• Join over 1.2 million students every month
  • Accelerate your learning by 29%
  • Unlimited access from just £6.99 per month
  1. 1
  2. 2
  3. 3
  4. 4
  5. 5

An Exploration of Shakespeare(TM)s Presentation of the King in Henry V(TM).

Extracts from this document...


An Exploration of Shakespeare's Presentation of the King in 'Henry V'. The play 'Henry V' written by William Shakespeare depicts Henry to be a magnanimous but ruthless king. He is portrayed as a soldier, a romantic, a friend as well as a king. In the first prologue of the play Henry is shown as having a mythical significance, which sets up an image of Henry before the audience actually encounter him. It is implied to the audience that Henry is an all-powerful being with 'famine, sword and fire' at his feet. This has a strong impact on the audience as a comparison between Henry and the Roman god of war suggests the magnitude of his power. 'Assume the port of Mars'. It represents not only the power he has in physical terms, but also shows his authoritative position. The Bishop develops the positive nature of Henry by referring to him as 'full of grace and fair regard', showing that he is not just an authoritative figure with immense power. In addition to this, in the conversation between Ely and Canterbury, the religious attachment of Henry is presented. For instance the quotation 'and a true lover of the holy church' shows that he is a person who loves and respects the church. ...read more.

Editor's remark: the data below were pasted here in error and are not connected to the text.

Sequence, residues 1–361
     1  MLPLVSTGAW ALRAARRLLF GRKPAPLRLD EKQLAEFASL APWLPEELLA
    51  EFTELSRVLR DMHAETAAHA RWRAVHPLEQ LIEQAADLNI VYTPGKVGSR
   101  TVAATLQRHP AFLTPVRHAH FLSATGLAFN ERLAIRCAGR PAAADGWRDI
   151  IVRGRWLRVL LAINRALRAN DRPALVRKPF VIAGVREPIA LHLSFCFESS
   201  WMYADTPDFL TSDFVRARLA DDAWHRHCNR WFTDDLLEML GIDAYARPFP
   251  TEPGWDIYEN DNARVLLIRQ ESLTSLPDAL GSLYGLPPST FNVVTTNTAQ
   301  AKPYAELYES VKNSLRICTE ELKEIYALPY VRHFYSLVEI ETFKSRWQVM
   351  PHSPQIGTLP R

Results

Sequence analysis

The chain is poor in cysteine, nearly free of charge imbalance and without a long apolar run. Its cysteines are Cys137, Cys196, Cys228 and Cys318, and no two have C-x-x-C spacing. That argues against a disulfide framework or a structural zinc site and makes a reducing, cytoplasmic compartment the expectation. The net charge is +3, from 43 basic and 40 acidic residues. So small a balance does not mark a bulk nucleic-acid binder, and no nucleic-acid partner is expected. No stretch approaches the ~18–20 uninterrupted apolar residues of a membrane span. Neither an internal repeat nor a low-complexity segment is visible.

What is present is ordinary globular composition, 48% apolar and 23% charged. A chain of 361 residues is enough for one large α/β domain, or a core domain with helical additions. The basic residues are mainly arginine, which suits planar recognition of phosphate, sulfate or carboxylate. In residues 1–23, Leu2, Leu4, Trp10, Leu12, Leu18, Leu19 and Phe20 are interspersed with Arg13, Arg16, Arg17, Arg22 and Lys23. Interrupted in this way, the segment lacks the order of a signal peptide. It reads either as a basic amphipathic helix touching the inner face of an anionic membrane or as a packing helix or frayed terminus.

Henry has used the insult of the tennis b***s but turned it around onto the Dauphin, showing his intelligent and witty side 'Shall stand sore charged for the wasteful vengeance.' Henry, has adopted a more serious note and is angry, but seems to be handling the insult made by the Dauphin rather lightly, showing that he is not hasty as illustrated in the earlier scenes, but that he is calm and patient. However, the contrast between the Dauphin and Henry portrays Henry to be more mature and responsible than the Dauphin. The speech before the gates of Harfleur, displays Henry's skills as a spokesman as he manages to persuade the governor to let him and his men in. Henry does this by making various threats. For example 'With conscience wide as h**l, mowing like grass Your fresh, fair virgins and your flowering infants.' Shakespeare uses both alliteration and metaphorical language in Henry's speech to create trepidation in the governor. The use of the alliteration allows significance to be placed on specific words; here Shakespeare uses harsh contrast to inform the governor of what could happen to France's 'fresh, fair virgins', these being the women of France. He then further warns 'If your pure maidens fall into the hand, Of hot and forcing violation?' ...read more.